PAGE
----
In case you didn’t know, when tight body spaces (like your colon) need to be looked into, technicians will commonly blow a bit of air into the body to “puff up the work space” like a balloon. Which makes getting a colonoscopy that much more fun when you think that you get a balloon out of it. A balloon made of your intestines, which is cool.
I did a little search to find out just how much air we are talking about with a colonoscopy and found out some cool stuff for you to impress your friends with at the next cocktail party where you are all standing around talking about colonoscopies:
The “average” amount of carbon dioxide or air inserted during a colonoscopy is about 8.2 L, but GET THIS -- is based on a range of range of of values varying from 1.2–19.8 L.
For those of you who don’t read Colonoscopy Today Magazine (which doesn’t really exist, although it should) you might be unaware that the quality of the colonoscopy procedure ranges greatly and has “issues.” From NY Times’ 10 Questions You Need to Ask About Colonoscopy:
Recommendations for monitoring the quality of colonoscopy were made by gastroenterology specialty groups in 2002 and 2006, but there is no mandate for practitioners to follow the guidelines and no penalty for not following them. Insurance companies could step in with a monitoring system that rewards good-quality colonoscopy and penalizes poor-quality colonoscopy, but they have not done so. That means that finding a competent and careful colonoscopist is the responsibility of the patient.
So folks, make sure you find a colonoscopist that has the words "competent and careful" listed on their business card, ok? Turns out that's your responsibility.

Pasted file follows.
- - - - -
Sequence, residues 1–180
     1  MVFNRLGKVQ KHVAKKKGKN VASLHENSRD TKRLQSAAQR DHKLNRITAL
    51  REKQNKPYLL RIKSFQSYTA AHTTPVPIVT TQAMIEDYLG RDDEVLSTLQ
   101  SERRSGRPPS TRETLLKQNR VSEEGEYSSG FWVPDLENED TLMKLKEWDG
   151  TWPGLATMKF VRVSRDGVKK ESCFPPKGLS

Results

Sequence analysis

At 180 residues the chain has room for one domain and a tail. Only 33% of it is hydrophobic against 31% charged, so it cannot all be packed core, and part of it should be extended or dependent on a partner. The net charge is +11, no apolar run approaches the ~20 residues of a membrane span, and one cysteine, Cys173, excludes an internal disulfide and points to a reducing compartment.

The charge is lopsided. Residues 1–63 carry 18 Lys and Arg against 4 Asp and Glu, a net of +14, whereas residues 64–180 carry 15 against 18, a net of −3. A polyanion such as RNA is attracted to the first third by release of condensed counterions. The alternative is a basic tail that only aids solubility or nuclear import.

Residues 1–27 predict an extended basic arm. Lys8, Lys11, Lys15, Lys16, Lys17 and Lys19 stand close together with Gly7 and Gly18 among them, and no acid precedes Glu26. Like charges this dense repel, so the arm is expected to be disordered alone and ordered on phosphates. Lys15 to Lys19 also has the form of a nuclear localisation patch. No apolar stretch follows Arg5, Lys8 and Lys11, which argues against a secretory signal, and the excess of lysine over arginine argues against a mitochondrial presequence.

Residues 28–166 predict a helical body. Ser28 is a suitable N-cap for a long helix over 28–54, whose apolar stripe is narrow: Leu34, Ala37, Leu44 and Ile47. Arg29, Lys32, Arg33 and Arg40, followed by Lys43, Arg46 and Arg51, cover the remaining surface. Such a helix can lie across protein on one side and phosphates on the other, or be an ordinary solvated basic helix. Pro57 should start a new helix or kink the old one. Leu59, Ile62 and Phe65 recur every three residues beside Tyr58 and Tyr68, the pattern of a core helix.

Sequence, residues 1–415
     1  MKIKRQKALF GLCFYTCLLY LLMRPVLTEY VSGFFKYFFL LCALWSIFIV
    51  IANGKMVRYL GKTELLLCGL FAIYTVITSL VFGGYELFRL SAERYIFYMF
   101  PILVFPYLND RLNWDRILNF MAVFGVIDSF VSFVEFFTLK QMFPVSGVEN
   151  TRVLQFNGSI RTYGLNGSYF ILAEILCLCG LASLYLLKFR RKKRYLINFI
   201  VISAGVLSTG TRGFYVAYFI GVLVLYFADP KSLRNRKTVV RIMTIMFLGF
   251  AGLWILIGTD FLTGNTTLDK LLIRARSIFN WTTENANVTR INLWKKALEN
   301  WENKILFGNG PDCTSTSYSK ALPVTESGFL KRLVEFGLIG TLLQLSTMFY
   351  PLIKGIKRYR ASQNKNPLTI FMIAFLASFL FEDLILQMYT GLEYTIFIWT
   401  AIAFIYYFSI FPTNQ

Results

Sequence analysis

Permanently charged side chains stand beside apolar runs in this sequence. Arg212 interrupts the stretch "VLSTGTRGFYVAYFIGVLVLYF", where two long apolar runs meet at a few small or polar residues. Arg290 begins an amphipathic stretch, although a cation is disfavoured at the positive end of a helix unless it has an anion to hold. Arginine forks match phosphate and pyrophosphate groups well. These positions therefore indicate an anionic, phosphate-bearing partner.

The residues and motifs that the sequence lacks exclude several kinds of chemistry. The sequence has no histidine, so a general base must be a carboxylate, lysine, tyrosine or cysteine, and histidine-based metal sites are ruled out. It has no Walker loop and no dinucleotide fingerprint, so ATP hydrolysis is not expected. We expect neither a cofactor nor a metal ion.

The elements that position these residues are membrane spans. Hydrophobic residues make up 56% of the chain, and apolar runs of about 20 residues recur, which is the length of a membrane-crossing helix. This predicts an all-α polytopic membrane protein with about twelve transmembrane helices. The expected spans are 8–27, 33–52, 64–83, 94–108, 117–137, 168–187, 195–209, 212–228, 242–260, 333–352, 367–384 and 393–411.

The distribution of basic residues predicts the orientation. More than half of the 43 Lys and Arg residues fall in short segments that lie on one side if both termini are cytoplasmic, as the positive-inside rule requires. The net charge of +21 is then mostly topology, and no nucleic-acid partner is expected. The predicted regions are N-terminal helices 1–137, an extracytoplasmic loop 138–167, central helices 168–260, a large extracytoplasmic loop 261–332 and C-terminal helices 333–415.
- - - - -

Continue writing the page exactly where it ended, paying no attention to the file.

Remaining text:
Back to the air data, I would hypothesize that the wide variance in the volume of gas used has a bit to do with the technician not following specific amount guidelines as well as the escapage (this is a French word I just made up...) factor (based on the tension you do or don’t have in the pelvic floor) and the resting tone of the smooth muscle itself, which dictates the amount of space to be filled.
So let's talk about my friend Sharon* who went to get a routine colonoscopy. When finished, Sharon was sent to recovery and she took her balloon-gift with her...if you know what I mean. And by the time the anesthesia wore off, Sharon had yet to, well, fart out the air.
As in pass gas.
Make some spiders bark.
Whatever you prefer to call it, Sharon's only homework was to allow the gas out of her colon.
And waited some more on her left side.
And then she tried getting up and walking.
And then a spinal twist (ouch).
And some other "release" positions the nurses were helping her with.
Like a hurkey.
Wait, a hurkey is a cheerleading move isn’t it?
She might not have done a hurkey, but only because, by this time, that air bubble was causing *a lot* of pain. And after doing all of these things for about four hours, she found herself in an ambulance heading back to the hospital.
Sharon woke up in her hospital room a few hours after being drugged (to help relax her), finally passed the air, and instantly felt better. So if you include the paramedics, the nurses, the gastrointerologist who tried to help out with a little manual release (helloooo!), and all of the hospital check-in peeps, administration and medical billing department, it took about 14 people to help Sharon relax enough to pass a little gas.
Fourteen people and about $5000.
The most expensive fart she ever blasted, and all because of a too-tight pelvic floor.
Going beyond the excellent imagery, the moral of today's story is this: Sharon did not realize she had a tight pelvic floor. Sure she had a little incontinence, but that meant her PF was weak, right? The years of chronic constipation, the daily straining to bathroom, and even the resulting hernia were not flags enough. It took this process for her to realize that she was, in fact, anal retentive. In the literal sense.
P.S. Her doctor called her a *tight a$$* and she was not amused.
Since then she’s had some internal work (what's that? Read here) changed her diet, been using visualization and relaxation techniques to soften her PF and she puts her feet up on a stool (make-shift squat toilet) when she bathrooms which is helping a lot.
*Sharon is not her actual name, because I promised that she’d be anonymous for this post. She didn’t mention anything about a picture of her colon though, so if you happen to see “this woman”